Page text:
National Celiac Disease Awareness Day Date in the current year: September 13, 2017

National Celiac Disease Awareness Day National Celiac Disease Awareness Day is an annual observance held in the United States on September 13 every year. It aims to raise awareness of an autoimmune disorder caused by a reaction to gluten that affects the small intestine.

Gluten is a type of protein naturally found in wheat and some other grains such as rye and barley. It is gluten that gives elasticity to dough, helping it rise and keep its shape. About 10% of people are gluten intolerant. Most of them suffer from non-celiac gluten insensitivity, but about 1 in 135 people suffer from celiac disease that is a more serious disorder.

Celiac disease, also spelled coeliac disease, occurs in people who are genetically predisposed. When they consume gluten, it affects the small intestine mucosa and disrupts the digestive process. Typical symptoms of the disease include chronic diarrhea, abdominal distention, loss of appetite, malabsorption (abnormality in absorption of food nutrients), and insufficient weight gain among children. There is no cure for celiac disease, the only way to get rid of the symptoms is a lifelong gluten-free diet.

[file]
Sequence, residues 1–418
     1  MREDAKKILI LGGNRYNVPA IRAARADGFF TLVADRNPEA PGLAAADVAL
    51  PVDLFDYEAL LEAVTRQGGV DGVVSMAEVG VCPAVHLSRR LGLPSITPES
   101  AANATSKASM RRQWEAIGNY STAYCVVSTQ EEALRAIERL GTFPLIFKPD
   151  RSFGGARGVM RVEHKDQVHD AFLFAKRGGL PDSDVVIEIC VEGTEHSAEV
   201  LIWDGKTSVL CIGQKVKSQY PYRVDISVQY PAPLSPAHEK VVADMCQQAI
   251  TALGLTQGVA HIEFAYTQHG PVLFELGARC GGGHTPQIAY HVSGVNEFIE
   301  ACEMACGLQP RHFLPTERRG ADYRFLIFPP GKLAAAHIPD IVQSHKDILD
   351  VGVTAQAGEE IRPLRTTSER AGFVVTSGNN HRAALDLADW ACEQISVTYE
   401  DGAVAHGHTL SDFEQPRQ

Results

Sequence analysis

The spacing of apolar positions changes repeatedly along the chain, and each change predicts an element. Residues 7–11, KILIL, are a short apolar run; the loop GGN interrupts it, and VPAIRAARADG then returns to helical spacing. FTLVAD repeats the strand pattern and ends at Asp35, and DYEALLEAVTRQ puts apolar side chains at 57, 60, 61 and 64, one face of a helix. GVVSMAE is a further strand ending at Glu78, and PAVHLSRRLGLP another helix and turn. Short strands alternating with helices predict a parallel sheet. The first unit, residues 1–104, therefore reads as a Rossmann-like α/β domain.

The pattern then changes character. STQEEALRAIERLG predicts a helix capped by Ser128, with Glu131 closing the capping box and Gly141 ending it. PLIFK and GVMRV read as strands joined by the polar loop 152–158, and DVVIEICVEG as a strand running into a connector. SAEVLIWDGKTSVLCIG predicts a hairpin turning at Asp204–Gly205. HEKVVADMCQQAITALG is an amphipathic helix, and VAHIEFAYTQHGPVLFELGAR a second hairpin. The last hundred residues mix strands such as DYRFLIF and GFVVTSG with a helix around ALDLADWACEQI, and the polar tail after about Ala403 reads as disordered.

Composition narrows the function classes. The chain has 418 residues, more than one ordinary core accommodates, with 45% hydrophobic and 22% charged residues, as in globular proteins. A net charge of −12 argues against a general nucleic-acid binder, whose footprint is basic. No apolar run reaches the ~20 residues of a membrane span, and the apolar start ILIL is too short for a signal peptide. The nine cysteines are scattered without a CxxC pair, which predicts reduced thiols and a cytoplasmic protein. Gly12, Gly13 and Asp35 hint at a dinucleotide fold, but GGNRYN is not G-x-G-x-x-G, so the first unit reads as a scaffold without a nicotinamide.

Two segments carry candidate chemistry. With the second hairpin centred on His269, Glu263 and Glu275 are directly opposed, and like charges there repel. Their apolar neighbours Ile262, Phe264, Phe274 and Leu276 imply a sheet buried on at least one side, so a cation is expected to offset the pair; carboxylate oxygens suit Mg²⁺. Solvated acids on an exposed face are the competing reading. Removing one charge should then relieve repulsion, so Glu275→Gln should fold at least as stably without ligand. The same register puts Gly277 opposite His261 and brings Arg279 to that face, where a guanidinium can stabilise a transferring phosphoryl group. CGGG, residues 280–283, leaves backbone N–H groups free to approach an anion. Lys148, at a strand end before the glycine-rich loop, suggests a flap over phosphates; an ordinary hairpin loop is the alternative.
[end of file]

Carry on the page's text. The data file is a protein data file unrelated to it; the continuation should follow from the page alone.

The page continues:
The English physician Samuel Gee was the first to publish a complete modern-day description of celiac disease and to state that the only treatment is diet. National Celiac Disease Awareness Day in the United States is celebrated on Gee’s birthday, September 13. Its main goal is to spread information about celiac disease and to raise public awareness of the importance of a gluten-free diet for people with gluten sensitivity.

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National Celiac Disease Awareness Day, holidays in the United States, celiac disease, Samuel Gee